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Author Topic: Immigration and trade: A question
Stephen Gordon
Babbler # 4600

posted 18 March 2004 10:28 PM      Profile for Stephen Gordon        Edit/Delete Post  Reply With Quote 
In this thread,

I argued - against what seems to have been a unanimous consensus of opinion among babblers - in favour of the export-led development model in which poor countries run trade surpluses in exchange for transfers of capital from rich countries.

The I noticed
this other thread,

where (near the end, after having worked out some other issues) babblers seemed to generally agree that rich countries should be open to immigration from poor countries.

Here's the thing: both stories involve matching rich-country capital with poor-country labour. In one version, the rich-country capital moves to poor countries, and in the other, poor-country workers move to rich countries. Either way, poor country workers are better off. As for rich country workers, well, they'll have problems either way. If poor country workers are willing to work for lower wages, it really doesn't matter if they immigrate or not.

Since both policies amount to pretty much the same thing, and since we're mainly preoccupied by helping the poorest of the poor, economists generally support open borders to people as well as goods and capital. The only quibbles are practicalities: it's generally less disruptive to transfer capital instead of people, since capital doesn't have family and cultural attachments to its homeland. Nor does capital need much in order to integrate into its new home.

So here's my question: Why should poor country workers be obliged to immigrate in order to have access to rich country capital?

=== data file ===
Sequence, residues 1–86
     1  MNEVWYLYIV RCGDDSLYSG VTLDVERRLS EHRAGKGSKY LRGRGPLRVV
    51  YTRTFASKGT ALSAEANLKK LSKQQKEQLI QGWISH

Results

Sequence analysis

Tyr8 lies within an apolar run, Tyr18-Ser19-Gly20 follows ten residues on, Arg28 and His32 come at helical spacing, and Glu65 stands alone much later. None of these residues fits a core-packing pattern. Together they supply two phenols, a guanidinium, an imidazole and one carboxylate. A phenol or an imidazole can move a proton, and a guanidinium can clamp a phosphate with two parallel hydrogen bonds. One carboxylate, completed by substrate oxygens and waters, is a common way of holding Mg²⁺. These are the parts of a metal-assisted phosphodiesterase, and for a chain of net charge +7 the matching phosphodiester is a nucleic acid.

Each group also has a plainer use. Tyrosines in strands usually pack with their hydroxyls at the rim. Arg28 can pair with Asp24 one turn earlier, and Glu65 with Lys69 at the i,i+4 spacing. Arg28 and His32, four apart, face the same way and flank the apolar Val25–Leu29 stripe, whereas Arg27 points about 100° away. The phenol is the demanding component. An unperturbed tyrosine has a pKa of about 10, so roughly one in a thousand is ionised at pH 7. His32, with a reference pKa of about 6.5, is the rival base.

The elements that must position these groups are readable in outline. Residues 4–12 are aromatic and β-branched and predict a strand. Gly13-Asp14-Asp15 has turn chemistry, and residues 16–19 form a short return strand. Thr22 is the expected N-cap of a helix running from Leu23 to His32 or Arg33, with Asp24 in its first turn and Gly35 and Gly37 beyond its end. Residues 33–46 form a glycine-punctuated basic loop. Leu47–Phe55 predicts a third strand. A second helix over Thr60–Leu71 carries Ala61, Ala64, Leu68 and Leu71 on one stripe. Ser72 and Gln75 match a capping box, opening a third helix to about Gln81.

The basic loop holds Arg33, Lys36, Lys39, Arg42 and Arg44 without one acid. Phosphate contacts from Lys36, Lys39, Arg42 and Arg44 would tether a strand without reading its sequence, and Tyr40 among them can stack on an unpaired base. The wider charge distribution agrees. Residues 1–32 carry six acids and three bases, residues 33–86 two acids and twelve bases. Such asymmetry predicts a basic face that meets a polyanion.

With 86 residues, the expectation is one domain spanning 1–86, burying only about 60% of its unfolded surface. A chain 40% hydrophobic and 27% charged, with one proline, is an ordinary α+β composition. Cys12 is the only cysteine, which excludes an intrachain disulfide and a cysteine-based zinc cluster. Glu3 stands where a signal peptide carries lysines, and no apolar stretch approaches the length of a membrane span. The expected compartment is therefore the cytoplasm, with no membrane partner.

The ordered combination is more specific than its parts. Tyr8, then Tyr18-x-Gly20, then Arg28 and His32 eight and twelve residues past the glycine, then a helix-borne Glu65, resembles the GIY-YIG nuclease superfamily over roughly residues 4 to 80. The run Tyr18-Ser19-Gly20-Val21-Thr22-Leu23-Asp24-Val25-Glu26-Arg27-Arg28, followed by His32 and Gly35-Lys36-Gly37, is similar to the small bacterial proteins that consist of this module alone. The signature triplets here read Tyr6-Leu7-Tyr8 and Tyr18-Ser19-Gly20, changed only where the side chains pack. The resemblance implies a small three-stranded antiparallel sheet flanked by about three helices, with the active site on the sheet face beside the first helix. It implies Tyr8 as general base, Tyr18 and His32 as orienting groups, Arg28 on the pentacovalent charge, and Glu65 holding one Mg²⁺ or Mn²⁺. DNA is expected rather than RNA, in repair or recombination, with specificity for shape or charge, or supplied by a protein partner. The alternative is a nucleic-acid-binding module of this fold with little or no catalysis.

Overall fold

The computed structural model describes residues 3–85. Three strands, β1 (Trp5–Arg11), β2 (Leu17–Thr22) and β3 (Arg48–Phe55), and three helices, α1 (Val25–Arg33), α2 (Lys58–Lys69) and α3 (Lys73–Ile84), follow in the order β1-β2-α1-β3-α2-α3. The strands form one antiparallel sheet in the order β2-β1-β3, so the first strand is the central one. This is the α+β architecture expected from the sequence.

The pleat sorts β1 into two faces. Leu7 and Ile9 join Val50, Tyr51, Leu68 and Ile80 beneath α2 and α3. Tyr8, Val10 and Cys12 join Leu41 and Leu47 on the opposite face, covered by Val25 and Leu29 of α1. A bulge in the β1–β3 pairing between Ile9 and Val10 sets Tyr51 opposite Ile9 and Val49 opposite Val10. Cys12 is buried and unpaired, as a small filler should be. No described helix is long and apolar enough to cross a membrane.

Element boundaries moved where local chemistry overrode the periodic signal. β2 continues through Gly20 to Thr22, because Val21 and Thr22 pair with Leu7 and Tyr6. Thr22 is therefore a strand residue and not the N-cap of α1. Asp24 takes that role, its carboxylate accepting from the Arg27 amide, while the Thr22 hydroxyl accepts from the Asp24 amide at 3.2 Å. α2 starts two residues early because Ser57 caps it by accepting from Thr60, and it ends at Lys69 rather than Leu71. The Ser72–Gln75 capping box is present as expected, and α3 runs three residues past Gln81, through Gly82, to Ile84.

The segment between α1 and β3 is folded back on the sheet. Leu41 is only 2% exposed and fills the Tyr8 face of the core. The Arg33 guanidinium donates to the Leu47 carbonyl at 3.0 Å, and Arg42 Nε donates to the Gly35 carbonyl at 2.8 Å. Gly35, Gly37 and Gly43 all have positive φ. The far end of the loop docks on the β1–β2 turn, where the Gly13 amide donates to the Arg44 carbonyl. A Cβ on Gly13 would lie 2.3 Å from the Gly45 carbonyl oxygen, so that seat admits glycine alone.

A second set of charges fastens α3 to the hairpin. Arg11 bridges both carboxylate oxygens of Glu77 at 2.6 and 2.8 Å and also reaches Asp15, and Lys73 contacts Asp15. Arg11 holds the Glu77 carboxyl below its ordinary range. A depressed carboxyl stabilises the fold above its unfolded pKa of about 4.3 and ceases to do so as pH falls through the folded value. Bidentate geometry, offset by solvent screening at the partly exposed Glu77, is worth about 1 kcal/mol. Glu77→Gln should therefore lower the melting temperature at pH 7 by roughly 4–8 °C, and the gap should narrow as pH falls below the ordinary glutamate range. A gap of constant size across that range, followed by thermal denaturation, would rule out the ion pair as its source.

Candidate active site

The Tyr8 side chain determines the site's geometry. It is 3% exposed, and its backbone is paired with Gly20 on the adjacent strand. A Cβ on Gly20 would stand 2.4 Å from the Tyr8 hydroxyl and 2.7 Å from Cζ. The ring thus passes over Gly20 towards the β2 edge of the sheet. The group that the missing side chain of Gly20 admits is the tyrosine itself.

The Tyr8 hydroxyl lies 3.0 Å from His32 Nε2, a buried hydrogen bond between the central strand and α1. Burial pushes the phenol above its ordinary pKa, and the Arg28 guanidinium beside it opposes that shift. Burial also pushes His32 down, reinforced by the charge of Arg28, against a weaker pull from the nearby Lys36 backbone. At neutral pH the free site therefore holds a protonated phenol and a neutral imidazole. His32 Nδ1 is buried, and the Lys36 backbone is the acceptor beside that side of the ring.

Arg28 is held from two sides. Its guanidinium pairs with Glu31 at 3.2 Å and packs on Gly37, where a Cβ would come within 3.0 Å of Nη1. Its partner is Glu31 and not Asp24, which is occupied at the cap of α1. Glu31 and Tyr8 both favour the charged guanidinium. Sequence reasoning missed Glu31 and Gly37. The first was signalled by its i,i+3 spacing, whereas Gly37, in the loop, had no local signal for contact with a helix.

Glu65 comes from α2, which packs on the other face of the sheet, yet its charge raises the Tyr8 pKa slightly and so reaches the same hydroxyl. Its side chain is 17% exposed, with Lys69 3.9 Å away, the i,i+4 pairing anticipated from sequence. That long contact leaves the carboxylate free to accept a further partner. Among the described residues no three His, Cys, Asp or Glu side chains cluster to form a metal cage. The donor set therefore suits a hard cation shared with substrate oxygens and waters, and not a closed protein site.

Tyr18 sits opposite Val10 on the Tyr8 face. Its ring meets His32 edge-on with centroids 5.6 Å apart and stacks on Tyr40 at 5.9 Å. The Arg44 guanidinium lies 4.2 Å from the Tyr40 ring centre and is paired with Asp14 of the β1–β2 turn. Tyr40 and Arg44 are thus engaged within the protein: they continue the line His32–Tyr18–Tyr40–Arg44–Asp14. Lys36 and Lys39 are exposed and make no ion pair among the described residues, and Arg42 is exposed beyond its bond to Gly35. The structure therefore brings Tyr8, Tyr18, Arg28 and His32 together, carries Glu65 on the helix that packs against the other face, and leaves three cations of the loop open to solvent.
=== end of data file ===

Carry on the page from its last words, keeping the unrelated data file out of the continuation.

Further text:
[ 18 March 2004: Message edited by: Oliver Cromwell ]

From: . | Registered: Oct 2003  |  IP: Logged
Babbler # 569

posted 18 March 2004 10:36 PM      Profile for verbatim   Author's Homepage     Send New Private Message      Edit/Delete Post  Reply With Quote 
My experience with immigrants and refugees is that the majority of them aren't immigrating to access our capital, they're doing it to leave the political or cultural circumstances that make it nearly impossible for them to have safe, predictible or fulfilling lives in their country of origin. If "international capital" was interested in raising the standard of working conditions, and stop rewarding pathological or kleptocratic political systems through "investment", you might find that people wouldn't be quite so eager to emigrate.
From: The People's Republic of Cook Street | Registered: May 2001  |  IP: Logged
Babbler # 2777

posted 21 March 2004 11:42 PM      Profile for radiorahim     Send New Private Message      Edit/Delete Post  Reply With Quote 
Those on the political "left" tend to advocate for the rights of individuals but not for the rights of corporations.
From: a Micro$oft-free computer | Registered: Jun 2002  |  IP: Logged
jeff house
Babbler # 518

posted 22 March 2004 12:01 AM      Profile for jeff house     Send New Private Message      Edit/Delete Post  Reply With Quote 
Why should poor country workers be obliged to immigrate in order to have access to rich country capital?

Well, ask yourself this: "Why can't we insure that capital is equitably shared? Why tolerate the ridiculously unjust division between rich and poor countries?"

Contrary to the suggestion above, I don't believe that capital-exporting states or companies believe in free immigration. If they did, we'd have it.

No, I think they want to have ghettoes of impoverished workers who they can exploit. Freedom of movement for investment, "permanent residence" for working people.

And then they can claim that recruiting people to work for $1.00 a day is some kind of tremendous benefit, meanwhile keeping the corrupt system in place.

From: toronto | Registered: May 2001  |  IP: Logged
Steve N
Babbler # 2934

posted 22 March 2004 10:24 AM      Profile for Steve N     Send New Private Message      Edit/Delete Post  Reply With Quote 
Third World countries are generally famous for having poor wages, poor human rights, poor worker's rights, poor public services, etc.

If, in addition to exporting capital, we "exported" all of the above, I wouldn't be as against it. Of course, this ends up removing the "advantage" of exporting capital.

From: Toronto | Registered: Aug 2002  |  IP: Logged

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